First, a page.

Among other items to be discussed, Reuters reported, are "spending ceilings for various levels of government and corrective mechanisms that would kick in on a quarterly basis if ceilings were breached.”

The Greek banks have no access to international capital markets and remain afloat only due to temporary high-interest loans from the ECB’s Emergency Liquidity Assistance programne, which approved only €600 million on Thursday.

Athens has been forced to raid every source of finance available to it in order to pay due debts and provide for the basic functioning of the state. The Guardian reported Thursday, “The debt-stricken country is resorting to increasingly desperate measures to ward off potential default. In the space of the past week it has raised six-month T-bills, tapped into the bank deposits of pensions and public sector salaries, postponed government payments for supplies to the public and private sector, and approached the Greek subsidiaries of multi-national companies for short-term loans.”

Syriza’s leaders are acutely aware of the enormous social and political backlash they face as the cuts in living standards they will be imposing are finalised and begin to be rolled out. This accounts for the rhetoric now being employed by its leading officials. On Thursday, Finance Minister Yanis Varoufakis said, “The ECB in my opinion is pursuing a policy that can be considered asphyxiating toward our government.”

Earlier, he lodged an official complaint with the German Foreign Ministry saying he had been insulted when Schäuble described him as being “foolishly naive” in his dealings with the media.

Greek Foreign Minister Nikos Kotzias concurred, “Germany wants to suffocate us over the state debt... They accuse us of squandering money... [what] they are doing to us is political racism.”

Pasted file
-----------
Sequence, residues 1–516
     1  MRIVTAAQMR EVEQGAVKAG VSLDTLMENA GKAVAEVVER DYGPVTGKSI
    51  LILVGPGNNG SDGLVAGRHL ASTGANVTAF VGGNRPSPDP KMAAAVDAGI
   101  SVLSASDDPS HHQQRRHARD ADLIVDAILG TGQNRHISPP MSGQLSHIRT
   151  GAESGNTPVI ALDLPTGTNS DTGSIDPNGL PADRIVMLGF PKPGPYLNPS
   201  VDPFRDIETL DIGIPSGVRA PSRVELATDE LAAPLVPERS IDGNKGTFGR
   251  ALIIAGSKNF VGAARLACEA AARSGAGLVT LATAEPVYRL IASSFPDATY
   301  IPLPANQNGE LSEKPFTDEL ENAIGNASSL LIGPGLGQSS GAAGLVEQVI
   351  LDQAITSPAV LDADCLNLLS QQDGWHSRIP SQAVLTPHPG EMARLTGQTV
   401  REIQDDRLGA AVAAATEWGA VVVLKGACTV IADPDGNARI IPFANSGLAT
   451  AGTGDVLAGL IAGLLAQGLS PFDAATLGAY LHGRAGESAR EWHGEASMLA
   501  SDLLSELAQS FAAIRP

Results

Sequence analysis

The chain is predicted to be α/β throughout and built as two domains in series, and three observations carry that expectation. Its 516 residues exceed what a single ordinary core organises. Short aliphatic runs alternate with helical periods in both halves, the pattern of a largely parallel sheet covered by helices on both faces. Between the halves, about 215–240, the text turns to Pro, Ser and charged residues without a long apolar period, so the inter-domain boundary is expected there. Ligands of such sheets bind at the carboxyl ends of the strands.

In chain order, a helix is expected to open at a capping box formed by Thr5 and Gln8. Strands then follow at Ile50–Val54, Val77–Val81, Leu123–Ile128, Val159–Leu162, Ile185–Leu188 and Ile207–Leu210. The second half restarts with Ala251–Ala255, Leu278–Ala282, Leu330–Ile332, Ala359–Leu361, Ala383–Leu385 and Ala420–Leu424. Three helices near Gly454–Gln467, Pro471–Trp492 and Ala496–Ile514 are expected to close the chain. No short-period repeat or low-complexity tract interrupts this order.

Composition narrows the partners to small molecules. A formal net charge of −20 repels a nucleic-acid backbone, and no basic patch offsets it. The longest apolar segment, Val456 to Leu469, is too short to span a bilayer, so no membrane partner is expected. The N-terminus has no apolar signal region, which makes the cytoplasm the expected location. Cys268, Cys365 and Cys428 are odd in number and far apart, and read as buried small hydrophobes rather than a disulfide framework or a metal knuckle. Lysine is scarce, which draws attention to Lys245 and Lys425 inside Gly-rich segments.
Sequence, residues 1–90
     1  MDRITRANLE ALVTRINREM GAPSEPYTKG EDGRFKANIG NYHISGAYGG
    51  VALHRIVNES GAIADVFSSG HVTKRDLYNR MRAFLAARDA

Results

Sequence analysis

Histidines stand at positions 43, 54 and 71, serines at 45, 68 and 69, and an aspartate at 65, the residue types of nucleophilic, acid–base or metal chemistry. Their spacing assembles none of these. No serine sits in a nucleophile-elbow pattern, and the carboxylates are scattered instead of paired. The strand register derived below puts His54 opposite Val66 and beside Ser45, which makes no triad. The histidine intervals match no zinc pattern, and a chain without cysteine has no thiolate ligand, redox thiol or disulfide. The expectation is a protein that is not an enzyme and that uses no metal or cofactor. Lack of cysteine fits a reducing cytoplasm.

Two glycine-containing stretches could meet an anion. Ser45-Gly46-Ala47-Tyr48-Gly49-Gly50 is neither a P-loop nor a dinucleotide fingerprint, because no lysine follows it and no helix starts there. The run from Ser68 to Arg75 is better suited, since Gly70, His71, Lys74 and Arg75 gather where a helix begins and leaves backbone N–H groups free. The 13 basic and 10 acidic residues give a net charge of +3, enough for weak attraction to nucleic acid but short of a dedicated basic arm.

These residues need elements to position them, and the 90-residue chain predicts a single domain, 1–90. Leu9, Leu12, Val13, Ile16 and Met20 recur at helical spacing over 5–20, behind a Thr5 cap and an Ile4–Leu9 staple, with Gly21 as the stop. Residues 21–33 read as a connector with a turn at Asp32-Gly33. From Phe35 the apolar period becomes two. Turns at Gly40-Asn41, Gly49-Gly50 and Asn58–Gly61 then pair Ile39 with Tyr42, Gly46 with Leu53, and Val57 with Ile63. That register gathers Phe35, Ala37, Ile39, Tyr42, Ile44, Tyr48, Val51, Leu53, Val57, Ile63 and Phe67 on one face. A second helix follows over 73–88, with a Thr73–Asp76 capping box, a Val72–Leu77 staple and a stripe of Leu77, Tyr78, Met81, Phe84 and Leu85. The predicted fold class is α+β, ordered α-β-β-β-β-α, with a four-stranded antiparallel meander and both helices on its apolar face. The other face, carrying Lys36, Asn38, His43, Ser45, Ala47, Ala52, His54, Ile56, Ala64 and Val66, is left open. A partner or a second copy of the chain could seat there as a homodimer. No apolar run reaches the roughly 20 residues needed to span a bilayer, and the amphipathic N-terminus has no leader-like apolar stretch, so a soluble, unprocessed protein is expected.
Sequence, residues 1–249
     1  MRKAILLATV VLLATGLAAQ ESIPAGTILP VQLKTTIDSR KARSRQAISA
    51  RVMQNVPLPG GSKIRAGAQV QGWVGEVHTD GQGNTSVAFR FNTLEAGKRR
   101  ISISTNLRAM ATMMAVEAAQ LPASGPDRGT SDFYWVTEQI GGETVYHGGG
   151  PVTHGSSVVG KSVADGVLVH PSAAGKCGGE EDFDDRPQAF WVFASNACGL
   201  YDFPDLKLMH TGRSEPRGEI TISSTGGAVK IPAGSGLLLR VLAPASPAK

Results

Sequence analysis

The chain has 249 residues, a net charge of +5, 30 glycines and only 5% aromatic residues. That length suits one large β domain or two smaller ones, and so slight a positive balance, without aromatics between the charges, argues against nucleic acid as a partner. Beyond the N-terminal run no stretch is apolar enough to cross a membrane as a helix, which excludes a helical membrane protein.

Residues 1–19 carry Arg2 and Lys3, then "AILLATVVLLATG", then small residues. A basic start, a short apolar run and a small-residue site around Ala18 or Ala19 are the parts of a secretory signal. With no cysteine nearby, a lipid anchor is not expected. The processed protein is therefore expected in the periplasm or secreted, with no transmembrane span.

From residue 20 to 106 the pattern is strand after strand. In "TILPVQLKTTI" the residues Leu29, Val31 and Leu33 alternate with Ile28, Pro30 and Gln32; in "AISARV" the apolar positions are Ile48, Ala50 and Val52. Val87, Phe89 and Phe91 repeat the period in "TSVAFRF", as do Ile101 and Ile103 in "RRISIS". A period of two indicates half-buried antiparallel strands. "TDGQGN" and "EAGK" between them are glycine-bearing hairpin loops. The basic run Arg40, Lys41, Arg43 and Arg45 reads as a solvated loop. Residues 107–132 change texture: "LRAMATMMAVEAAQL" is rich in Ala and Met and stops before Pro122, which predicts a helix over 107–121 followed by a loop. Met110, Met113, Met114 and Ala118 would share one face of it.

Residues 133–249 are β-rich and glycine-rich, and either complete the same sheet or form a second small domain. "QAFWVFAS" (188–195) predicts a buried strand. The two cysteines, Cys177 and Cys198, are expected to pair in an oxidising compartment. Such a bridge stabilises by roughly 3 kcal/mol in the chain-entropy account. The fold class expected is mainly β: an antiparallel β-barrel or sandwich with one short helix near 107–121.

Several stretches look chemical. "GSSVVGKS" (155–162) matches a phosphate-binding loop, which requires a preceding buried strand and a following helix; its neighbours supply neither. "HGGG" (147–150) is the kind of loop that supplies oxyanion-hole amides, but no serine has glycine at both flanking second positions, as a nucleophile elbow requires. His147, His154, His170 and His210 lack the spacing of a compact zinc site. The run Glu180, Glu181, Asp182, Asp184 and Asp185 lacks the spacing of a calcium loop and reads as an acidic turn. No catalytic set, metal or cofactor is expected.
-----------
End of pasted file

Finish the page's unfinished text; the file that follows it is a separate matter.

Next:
This followed a speech in parliament Tuesday by Prime Minister and Syriza leader Alexis Tsipras in which he announced that his government would be seeking World War II reparations from the German government. The Greek government had a “duty to history, to the people who fought and to the victims who gave their lives to defeat Nazism,” he said.

Tsipras said his government was seeking billions in reparations. On Wednesday, Justice Minister Nikos Paraskevopoulos declared he was ready to implement a court ruling that found €28 million euros was owed for the murder of 218 people in the Greek town of Distomo in 1944 by the occupying Nazi regime.

These moves are part of Syriza’s ongoing efforts to forge an anti-German coalition among sections of the European bourgeoisie aimed at securing concessions on the austerity agenda. The Syriza government is carrying out this charade despite every euro zone finance minister signing up to insist that Greece continue to impose devastating spending cuts and pay off its debts.

Syriza is also seeking to whip up nationalist, anti-German sentiment domestically to divert attention from its own anti-working class policies.

The German government dismissed Greece’s claims to reparations out of hand. Merkel's spokesman Steffen Seifert said, “The question of reparations and compensation is legally and politically closed.”

Finance Ministry spokesman Martin Jaeger said provocatively, “We won’t be conducting any talks or negotiations with the Greek side... The aim is to look ahead jointly. Being emotive and making retrospective accusations will not help in overcoming the current problems.”

The troika’s return to Athens coincided with the release of new data revealing a further increase in the already chronic level of unemployment casued by their policies. The official jobless rate increased to 26.1 percent in the fourth quarter of 2014, from 25.5 percent in the third quarter. Most of the unemployed (about 73 percent) have been without work for at least 12 months.

Large parts of the economy remain mired in recession. New statistics found that in 2014 Greek industrial output fell by 2.7 percent, the seventh consecutive annual decline.